Public Policy Forum Blog

Manufacturing work: more automation and fewer jobs

A December 7th article in the Milwaukee Journal Sentinel reports on the changing nature of manufacturing work: more automation and fewer jobs. This follows a November 21st article also in the Journal Sentinel  which laid out the most currently available employment data from the Bureau of Labor’s Census of Employment and Wages. That article indicated that while the state economy added 23,968 private-sector jobs between June 2012 and June 2013, there was no net gain in the manufacturing sector.  Most recently, the Journal Sentinel on December 19th notes that the state ranks 37th in job growth for the year ending June 2013.

An analysis by the Public Policy Forum of data from the Wisconsin Economic Development Corporation’s Economic Futures report further sheds light on the role of manufacturing in the region’s economic health and outlook for employment. During the 2008 – 2011 time period (as reported by WEDC), while output across manufacturing industries posted healthy increases (about 12% growth overall), almost without exception no segment of the manufacturing sector hired workers (employment decreased by 10%). For example, electrical equipment output grew by 37%, while employment shrank by about 1500 workers; and primary metals shed 18% of its workforce while maintaining steady output.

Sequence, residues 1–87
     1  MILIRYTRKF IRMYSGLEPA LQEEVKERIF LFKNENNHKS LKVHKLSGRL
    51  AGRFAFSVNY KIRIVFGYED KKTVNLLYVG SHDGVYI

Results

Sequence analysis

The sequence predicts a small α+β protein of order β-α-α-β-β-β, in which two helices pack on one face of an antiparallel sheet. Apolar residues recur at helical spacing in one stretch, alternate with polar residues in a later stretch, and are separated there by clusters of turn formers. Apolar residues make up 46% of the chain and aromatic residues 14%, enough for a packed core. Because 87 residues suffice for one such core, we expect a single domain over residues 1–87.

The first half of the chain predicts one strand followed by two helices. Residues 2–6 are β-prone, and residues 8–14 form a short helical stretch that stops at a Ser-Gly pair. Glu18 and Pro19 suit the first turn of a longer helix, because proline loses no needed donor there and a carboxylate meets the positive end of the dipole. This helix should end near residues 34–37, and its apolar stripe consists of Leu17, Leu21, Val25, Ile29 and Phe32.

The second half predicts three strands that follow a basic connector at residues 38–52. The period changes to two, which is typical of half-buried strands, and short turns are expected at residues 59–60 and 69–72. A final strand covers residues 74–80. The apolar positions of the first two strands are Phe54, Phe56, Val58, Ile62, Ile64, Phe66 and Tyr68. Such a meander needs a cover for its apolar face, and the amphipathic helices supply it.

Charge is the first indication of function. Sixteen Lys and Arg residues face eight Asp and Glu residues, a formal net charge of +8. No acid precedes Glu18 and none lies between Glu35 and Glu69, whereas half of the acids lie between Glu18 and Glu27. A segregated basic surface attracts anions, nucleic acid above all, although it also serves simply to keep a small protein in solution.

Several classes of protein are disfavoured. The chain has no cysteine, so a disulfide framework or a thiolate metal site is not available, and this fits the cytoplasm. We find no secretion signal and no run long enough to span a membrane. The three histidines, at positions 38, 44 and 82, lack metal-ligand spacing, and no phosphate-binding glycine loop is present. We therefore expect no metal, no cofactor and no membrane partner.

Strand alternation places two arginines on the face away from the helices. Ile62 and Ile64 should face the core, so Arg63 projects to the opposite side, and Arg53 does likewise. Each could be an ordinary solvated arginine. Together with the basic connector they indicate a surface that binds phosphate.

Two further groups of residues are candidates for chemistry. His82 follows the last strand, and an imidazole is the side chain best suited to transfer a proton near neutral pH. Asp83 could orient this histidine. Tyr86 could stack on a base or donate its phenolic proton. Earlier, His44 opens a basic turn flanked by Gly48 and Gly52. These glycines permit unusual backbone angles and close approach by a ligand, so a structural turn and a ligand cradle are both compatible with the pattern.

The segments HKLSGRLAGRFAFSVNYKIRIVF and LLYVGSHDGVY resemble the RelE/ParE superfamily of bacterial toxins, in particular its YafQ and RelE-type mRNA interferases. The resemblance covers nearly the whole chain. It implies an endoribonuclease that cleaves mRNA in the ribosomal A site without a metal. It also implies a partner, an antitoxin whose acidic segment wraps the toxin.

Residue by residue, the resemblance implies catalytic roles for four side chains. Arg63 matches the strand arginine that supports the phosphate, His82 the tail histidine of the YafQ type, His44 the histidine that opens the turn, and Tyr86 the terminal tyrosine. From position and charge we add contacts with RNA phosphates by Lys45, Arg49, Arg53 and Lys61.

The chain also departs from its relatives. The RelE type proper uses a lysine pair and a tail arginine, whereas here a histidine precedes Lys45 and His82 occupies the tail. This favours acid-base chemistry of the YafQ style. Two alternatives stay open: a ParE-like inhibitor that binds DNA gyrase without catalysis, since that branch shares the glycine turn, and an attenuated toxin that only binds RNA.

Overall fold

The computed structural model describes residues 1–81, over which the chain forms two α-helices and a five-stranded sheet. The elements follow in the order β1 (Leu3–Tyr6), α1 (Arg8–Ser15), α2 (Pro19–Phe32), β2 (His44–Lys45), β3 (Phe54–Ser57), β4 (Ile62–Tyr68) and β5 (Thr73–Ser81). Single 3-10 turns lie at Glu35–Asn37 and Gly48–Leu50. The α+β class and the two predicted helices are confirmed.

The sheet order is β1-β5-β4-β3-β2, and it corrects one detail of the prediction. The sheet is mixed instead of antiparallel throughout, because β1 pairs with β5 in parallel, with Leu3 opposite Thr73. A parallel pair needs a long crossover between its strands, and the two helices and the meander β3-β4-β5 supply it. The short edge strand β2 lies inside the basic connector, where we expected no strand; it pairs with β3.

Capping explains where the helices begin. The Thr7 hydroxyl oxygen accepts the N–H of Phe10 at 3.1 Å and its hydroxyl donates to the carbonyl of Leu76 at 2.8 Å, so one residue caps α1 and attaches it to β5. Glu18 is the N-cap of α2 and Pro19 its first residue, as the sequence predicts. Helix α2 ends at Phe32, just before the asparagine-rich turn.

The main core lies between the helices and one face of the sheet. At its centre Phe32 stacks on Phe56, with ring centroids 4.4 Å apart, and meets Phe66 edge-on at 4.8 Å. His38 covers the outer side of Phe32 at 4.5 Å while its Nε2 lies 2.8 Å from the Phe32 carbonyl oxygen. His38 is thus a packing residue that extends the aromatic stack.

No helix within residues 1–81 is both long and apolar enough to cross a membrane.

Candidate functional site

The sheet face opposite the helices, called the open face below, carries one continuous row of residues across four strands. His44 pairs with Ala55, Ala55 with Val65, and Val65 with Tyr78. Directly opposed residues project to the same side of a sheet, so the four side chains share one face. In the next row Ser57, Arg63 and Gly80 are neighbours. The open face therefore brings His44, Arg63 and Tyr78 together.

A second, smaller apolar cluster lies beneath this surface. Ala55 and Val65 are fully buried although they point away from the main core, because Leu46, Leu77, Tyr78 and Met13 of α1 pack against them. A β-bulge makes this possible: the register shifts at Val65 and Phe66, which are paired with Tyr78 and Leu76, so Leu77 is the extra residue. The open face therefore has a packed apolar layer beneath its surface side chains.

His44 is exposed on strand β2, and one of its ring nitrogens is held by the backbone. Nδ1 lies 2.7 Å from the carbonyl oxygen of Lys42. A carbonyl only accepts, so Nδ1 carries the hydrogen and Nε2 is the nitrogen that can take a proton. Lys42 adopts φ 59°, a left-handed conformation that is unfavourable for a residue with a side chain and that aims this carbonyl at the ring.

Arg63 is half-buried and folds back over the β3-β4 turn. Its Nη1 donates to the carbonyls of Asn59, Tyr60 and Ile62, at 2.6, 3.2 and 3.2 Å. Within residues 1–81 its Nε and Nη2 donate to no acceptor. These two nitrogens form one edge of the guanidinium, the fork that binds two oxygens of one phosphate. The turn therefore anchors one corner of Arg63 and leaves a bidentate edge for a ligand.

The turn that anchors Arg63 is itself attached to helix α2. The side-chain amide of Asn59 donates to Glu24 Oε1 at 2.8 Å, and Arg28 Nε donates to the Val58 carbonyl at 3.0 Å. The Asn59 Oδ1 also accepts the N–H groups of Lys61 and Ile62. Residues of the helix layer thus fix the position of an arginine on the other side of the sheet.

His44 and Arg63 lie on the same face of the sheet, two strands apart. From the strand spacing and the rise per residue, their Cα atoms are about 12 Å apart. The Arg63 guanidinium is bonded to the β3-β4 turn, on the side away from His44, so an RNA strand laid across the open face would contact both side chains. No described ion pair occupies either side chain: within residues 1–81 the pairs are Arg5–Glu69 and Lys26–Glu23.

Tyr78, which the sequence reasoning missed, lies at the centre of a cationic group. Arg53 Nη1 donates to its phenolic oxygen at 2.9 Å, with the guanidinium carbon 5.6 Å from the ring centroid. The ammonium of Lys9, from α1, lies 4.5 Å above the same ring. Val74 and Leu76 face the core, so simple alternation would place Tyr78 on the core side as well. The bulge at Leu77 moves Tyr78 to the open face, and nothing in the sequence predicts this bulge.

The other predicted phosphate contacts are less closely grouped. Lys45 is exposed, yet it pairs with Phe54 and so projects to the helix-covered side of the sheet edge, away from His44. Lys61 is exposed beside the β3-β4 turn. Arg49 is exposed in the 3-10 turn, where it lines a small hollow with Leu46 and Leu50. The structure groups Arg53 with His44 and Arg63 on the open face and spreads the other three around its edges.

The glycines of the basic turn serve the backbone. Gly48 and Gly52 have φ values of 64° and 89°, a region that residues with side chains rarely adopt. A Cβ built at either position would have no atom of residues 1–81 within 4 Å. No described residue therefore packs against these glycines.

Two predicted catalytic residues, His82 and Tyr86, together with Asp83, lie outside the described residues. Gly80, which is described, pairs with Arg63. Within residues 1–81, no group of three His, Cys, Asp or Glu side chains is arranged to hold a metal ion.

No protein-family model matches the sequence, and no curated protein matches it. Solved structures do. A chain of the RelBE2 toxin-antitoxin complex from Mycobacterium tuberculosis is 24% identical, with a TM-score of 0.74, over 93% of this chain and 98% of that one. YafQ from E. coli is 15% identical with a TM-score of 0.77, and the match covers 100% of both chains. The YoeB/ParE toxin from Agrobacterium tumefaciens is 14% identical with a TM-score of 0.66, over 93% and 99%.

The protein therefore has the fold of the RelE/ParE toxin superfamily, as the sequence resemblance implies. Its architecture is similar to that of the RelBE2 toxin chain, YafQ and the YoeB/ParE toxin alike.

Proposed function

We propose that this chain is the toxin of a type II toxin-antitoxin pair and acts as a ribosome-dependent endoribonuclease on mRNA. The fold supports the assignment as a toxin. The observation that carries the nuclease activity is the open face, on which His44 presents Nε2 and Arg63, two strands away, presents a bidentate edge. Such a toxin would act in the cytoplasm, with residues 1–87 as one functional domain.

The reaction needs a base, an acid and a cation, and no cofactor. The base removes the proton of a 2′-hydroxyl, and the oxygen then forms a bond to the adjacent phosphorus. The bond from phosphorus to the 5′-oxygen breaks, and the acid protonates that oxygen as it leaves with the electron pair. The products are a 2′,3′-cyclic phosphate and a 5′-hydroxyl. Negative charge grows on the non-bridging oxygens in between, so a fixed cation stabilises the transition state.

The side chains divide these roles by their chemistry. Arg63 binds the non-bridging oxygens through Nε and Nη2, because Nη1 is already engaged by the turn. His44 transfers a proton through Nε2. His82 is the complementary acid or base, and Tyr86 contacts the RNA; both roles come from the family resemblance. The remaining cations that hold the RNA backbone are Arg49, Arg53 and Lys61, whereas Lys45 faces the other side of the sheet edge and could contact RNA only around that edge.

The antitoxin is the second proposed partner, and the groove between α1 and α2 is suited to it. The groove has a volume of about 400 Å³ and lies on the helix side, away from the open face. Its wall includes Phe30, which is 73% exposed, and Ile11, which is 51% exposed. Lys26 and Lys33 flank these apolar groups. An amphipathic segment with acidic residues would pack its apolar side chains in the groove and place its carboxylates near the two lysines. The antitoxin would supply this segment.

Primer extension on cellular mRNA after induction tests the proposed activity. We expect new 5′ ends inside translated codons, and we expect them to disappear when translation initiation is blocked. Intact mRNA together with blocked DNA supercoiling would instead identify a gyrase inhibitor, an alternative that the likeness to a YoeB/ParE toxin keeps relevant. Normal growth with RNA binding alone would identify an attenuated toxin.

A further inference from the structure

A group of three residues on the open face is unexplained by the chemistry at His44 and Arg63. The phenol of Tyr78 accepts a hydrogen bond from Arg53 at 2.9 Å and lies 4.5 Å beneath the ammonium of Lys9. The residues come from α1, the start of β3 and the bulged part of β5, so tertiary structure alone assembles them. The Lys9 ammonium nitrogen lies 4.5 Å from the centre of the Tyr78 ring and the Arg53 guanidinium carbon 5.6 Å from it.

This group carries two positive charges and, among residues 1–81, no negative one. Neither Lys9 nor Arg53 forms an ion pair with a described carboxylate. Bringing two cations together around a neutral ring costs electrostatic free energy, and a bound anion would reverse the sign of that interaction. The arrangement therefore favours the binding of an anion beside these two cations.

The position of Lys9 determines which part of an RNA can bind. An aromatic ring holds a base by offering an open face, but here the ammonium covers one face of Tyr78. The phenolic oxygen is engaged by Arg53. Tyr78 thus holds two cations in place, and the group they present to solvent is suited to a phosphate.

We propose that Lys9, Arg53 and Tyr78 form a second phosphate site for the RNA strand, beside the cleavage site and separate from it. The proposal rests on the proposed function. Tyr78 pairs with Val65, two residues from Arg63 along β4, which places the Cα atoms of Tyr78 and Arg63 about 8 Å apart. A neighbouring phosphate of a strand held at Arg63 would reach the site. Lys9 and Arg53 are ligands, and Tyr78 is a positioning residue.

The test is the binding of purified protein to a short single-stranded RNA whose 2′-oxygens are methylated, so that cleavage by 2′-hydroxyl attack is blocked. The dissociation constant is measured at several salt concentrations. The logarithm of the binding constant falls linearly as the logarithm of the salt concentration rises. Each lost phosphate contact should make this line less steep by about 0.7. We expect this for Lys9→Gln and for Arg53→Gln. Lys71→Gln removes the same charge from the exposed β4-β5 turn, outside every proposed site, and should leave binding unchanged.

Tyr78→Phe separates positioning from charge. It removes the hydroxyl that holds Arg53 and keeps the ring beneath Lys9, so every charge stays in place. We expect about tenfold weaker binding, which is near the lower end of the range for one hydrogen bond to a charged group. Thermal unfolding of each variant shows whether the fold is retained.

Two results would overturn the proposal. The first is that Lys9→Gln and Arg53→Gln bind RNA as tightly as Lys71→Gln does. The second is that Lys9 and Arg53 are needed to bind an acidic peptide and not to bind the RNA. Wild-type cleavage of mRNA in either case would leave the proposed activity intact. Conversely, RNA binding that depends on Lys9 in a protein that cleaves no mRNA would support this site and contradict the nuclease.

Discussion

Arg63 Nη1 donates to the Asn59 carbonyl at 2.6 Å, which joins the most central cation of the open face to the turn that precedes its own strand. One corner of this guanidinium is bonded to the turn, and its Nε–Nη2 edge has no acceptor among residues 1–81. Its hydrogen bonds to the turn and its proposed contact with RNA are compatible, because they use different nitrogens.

Our analysis indicates that job growth potential may only exist for those manufacturing-related occupations that set up or repair automated machinery itself.  Bureau of Labor Statistics data, for example, show that demand for machine maintenance engineers is expected to grow 25% between 2010 – 2020, while demand for electronic assemblers will decline by 14%. Of particular note is an expected drop-off by 28% for shipping and receiving clerks caused by new technologies that allow suppliers to remotely measure inventory levels.

While manufacturing remains a major driver in terms of exports that bring in dollars to the regional economy, it’s clear that innovations have changed the landscape to the extent that increased manufacturing output no longer drives job growth. This leads us to ask whether economic and workforce development initiatives that emphasize the manufacturing sector can be a primary strategy for producing the employment opportunities needed to serve southeastern Wisconsin’s future workforce. 

Virginia Carlson